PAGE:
I set my Garmin Forerunner 965 with a daily walking goal of 10,250 steps. I chose that number to give me a small accuracy buffer; even though Garmin watches proved to be the most accurate in my step-counting test, any smartwatch will have false-positive steps throughout the day.
I typically found that I'd walk about 2,000 steps per mile — though this varied by pace — which meant I'd have to walk about 5 miles (give or take a half-mile) to hit 10,000 steps. I tried not to take random at-home steps into account for the sake of the experiment.
To hit a decent Zone 1 heart rate (50–60% of my maximum), I'd try to hit a 14-minute pace, but I often fell closer to 15–16 minutes per mile on post-run recovery days.
So this daily routine would take up about 70–80 minutes, plus the time it took to put on workout clothes, walk back home (since you'll rarely hit exactly 10,000 steps right as you reach home), shower, and so on. It can be a time suck, in other words.
By the end of the 31st day, I'd traversed 376,000 steps, or about 200 miles in total — which averages to about 1,900 steps per mile. Of these, about 65 miles specifically came from running, or about 1/3 of my total distance.
In other months, I averaged closer to 5,000–6,500 steps per day. My total distance was 80–100 miles, with about the same amount of running miles (50–60), making this August a major step up (pun intended).
Although I'm not sure how accurate Garmin's caloric estimates are, I'd typically burn about 500 calories by the end of my brisk 5-mile walk. Multiply that by 7 days, and you get 3,500 calories — the supposed number you need to lose to drop one pound. I'm not sure how true this metric is, but this experiment did correspond with some significant weight loss.
Health stats before and after my 10,000 steps per day
At the start of August, I weighed 217.6 pounds. By August 31, I weighed 210.6 pounds. In terms of body composition, I dropped from 25.4% to 23% body fat. The max "healthy" male percentage is 19%, so closing that body fat gap was really encouraging.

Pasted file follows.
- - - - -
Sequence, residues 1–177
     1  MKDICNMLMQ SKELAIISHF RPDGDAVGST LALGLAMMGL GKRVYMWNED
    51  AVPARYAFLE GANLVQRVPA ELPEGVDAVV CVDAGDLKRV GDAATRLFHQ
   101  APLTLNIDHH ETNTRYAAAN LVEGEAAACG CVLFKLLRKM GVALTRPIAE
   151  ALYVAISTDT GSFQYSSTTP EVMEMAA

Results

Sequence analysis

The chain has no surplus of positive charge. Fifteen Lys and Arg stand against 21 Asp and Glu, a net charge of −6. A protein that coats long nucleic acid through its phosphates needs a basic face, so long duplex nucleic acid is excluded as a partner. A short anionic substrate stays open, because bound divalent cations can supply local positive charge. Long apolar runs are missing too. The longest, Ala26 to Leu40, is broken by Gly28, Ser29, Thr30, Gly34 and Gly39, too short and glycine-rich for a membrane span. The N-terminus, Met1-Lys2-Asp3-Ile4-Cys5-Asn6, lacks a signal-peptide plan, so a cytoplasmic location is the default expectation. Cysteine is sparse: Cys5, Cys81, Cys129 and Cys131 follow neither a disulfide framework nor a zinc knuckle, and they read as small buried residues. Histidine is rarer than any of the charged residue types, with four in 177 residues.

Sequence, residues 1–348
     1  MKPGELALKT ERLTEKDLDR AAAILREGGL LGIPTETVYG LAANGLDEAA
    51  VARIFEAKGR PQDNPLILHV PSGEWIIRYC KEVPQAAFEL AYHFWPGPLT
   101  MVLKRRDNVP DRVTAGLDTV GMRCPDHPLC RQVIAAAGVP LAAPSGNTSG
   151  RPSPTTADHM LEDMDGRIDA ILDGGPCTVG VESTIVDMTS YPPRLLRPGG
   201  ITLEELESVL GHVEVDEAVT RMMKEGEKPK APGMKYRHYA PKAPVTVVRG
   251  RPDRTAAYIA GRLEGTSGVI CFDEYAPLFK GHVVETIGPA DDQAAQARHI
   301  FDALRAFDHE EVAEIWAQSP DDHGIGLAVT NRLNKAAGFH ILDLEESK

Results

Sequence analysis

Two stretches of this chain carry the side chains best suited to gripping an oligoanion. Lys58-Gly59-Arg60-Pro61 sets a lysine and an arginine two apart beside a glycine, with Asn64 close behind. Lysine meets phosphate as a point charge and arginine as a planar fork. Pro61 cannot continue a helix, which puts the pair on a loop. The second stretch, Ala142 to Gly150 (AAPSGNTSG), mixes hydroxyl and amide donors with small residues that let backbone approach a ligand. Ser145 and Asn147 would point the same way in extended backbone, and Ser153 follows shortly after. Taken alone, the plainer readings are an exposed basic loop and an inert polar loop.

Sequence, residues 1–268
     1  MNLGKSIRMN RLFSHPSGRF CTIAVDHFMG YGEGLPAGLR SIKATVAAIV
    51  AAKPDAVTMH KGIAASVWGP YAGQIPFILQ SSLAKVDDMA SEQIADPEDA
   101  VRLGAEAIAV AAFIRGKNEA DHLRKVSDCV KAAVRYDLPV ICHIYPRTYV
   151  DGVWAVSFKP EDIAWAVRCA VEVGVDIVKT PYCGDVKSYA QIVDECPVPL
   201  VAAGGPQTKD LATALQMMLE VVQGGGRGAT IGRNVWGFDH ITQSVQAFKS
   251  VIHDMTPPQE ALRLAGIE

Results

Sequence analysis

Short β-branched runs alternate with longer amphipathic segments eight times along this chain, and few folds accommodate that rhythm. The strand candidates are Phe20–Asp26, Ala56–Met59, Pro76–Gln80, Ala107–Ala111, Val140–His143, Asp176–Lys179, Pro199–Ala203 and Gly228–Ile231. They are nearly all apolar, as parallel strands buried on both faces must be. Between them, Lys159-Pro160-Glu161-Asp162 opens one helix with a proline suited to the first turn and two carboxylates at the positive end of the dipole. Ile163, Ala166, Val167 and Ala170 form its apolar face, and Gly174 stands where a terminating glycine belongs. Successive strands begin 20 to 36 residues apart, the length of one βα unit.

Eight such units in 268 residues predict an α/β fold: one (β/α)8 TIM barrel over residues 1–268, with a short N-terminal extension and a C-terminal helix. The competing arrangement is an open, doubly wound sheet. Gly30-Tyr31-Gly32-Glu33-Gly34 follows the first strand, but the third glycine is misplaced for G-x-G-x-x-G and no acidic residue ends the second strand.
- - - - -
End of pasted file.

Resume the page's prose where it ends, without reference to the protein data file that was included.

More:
Generally speaking, I've been trying to cut down on snacking and drinking in the last couple of months, which I'm certain has something to do with my improving health — for instance, I lost two pounds in July. But to lose seven pounds this month, despite plenty of takeout and one brutally carb-loaded family dinner at Olive Garden, shows that the consistent walking and running made a real difference.
My cardiovascular health also improved. I don't have hard numbers because my runs skew Garmin's heart rate averages, but my resting heart rate when sitting at my desk dropped from the mid-to-high 60s to the low 60s and then to the high 50s by the end of the month.
Before my 10,000-step test, my morning blood pressure systolic readings averaged about 114–125. On August 31, I got a measurement of 109/65. My Garmin heart rate variance readings (lower HRV equals high-stress levels) have increased slightly, too.
One other benefit of walking every day was that it helped my body stretch out and recover after tough running days. Instead of always needing 1–2 rest days after a hard run, I've found I can now occasionally run two days in a row without suffering the effects of overtraining.
My VO2 Max has climbed from 47 to 48 in the last month, too. This is mostly thanks to my tougher running schedule with more anaerobic training at the track, to be fair. Yet I've found that if I walk thousands of steps after a hard run, I hit a higher heart rate zone than I would during a normal walk, giving me a useful low aerobic training load to boost my fitness.